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Join Date: Dec 2007
Hollinger Explaining his Raptor Predictions
This is an interesting read from a recent interview with Hollinger. Explains why he's so high on the Raps.
Question: In your latest article, you have the Raptors pegged as one of the top "under-the-radar" storylines to watch down the stretch in the NBA, why is that? Is it because they've deviated so much from your pre-season prediction that had Toronto pegged at 40-42 (8th in the East)? Who or what has exceeded your expectations of this team?
Hollinger: The reason I brought up the Raptors is because nobody else is. A lot of what to do is looking a the numbers and then frantically waving my hands to get people's attention when it appears there's something folks are missing.
This is certainly one of those cases – absolutely nobody thinks of them as a serious contender, but the numbers say they absolutely are.
In terms of their exceeding my preseason pick for them, the biggest thing is the point guards. I thought both Jose and T.J. would regress this year and revert closer to their 2005-06 numbers; instead each took another huge step forward, especially Jose.
There are other smaller effects -- Bosh has been even better than expected, and they've defended better than I had pegged -- but by far the biggest variance is the point guards.
Question: So before the season, they're fighting for the playoffs, now you have them pegged as the 4th best team in the league (based on your power rankings). You talk about margin of victory, but how much does strength of schedule play a part (the Raps have played a lot of awful teams lately)?
Also, the schedule has been very kind lately (i.e. a well-rested Raptors team facing a team that had just played the night before)... are these things taken into account, or is there just an assumption that those types of anomalies even out?
Hollinger: The strength of schedule does come into play, as does home vs. road. Toronto's gets dinged for a weak recent schedule, but they've won by such overwhelming amounts that it more than offsets the penalty.
And for the season as a whole, Toronto's schedule strength is better than that of Detroit or Boston. As for the back-to-backs and injuries and what not – the assumption is that comes out in the wash, yes.
Question: Can you give a brief explanation on the methodology of your playoff odds? 19% chance of Raptors making the Finals is getting a lot of people (ed. note: "a lot of people" = me) excited.
Hollinger: The computer starts with each team's Hollinger Power Ranking and creates a random variance from it for all 30 teams. Then it plays out the rest of the schedule and the playoffs based on those ratings (using randomly generated numbers) and records how far everyone got.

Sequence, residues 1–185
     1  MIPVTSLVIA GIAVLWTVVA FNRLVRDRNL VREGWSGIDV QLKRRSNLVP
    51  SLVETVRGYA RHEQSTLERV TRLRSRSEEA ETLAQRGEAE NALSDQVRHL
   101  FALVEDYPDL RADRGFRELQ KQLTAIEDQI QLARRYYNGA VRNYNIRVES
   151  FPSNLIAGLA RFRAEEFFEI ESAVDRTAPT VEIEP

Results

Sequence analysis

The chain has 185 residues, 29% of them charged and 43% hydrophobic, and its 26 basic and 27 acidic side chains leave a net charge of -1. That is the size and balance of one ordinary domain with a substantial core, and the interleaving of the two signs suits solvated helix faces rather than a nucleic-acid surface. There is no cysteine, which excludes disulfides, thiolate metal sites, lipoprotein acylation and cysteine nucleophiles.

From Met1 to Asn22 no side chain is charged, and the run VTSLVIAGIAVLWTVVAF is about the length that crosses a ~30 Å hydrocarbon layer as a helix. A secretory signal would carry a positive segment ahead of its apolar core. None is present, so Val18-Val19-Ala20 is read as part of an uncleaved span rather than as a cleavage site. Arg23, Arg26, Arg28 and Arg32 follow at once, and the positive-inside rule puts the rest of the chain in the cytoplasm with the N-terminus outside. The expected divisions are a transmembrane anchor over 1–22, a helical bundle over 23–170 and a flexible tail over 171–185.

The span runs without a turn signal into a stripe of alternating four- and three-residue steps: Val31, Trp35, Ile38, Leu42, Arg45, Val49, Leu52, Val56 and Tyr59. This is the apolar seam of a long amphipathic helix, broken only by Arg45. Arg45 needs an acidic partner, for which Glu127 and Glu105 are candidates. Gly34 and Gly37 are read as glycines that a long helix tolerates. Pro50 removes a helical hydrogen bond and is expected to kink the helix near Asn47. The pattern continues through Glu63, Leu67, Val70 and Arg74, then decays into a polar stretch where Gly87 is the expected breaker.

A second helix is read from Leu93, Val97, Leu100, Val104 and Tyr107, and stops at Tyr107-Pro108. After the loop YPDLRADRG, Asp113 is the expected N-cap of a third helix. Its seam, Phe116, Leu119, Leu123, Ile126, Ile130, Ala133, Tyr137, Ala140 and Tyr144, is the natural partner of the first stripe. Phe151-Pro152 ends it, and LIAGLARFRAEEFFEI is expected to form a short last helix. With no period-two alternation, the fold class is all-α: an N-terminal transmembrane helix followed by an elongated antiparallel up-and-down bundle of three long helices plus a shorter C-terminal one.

The computer repeats this simulation 5,000 times every night, so last night when it ran it the Raptors made the Finals in about 950 of the cases. That probably seems high, but the team is playing extremely well right now ... if they maintain it their win-loss record will catch up a bit with the lofty odds they're being given. And if they don't, the odds will head back south.
Question: I looked back at the past 20 Eastern Conference champions a while back at came up with the following two trends:
Only 7 champions (35%) were either the best, or second-best offensive team in the conference, while 15 of the teams (75%) were either the best, or second-best defensive team in the conference.
Looking at your offensive and defensive rankings, Toronto is the best offensive team in the East at the moment, and fourth best defensively. However, I think all of us would agree the Raptors have significant defensive shortcomings.
My question is this, in your opinion, how big of a hurdle is mediocre defence when it comes to advancing in the playoffs?
Hollinger: No more a hurdle than mediocre offense. If you look at a sufficient large sample of seasons, being in the top in Offensive Efficiency is no greater an advantage in the postseason than being in the top in Defensive Efficiency.
So the Raps shouldn't be overly worried that their style will cause problems any worse than the ones they've had in the regular season.
Question: Based on your PER, the Raptors are one of only 2 teams (Lakers) with 3 of the top 25 players in the league (I assume that was one of your surprises). But is this negated by the fact that 2 of them play the same position? In other words, that you rarely see all 3 of these players on the floor together?
Hollinger: Yes, it's negated by the position thing -- T.J. and Jose rarely play together, and if they did they might both be less effective. So it's not quite like L.A.'s situation with Kobe, Gasol and Bynum, where they could potentially combine to play 120 minutes in a playoff game. The most you can get from T.J., Jose and Bosh is about 90.
Question: Ford vs. Calderon is one of the biggest debates in Raptorland right now... How would you split up the minutes?
Hollinger: Calderon's numbers are slightly better this year, but I think health is a bigger reason to keep him as the starter. With T.J. being kind of perennially day-to-day, I'd think there's a continuity advantage to using Calderon as the starter and playing T.J. 20 minutes off the pine. That also probably helps reduce the pounding on T.J. and keep him in the lineup.
Question: Finally, is there any way the Raptors keep Calderon past this season?
Hollinger: Oh, absolutely. He's a restricted free agent and Toronto can match any deal, plus very few teams have the cap space to match an offer. The worst thing that could happen is if somebody gave Calderon an insane offer sheet and the Raptors decided they couldn't afford to commit so much money to their point guards -- but even in that case they can do a sign-and-trade instead of losing him for nothing.
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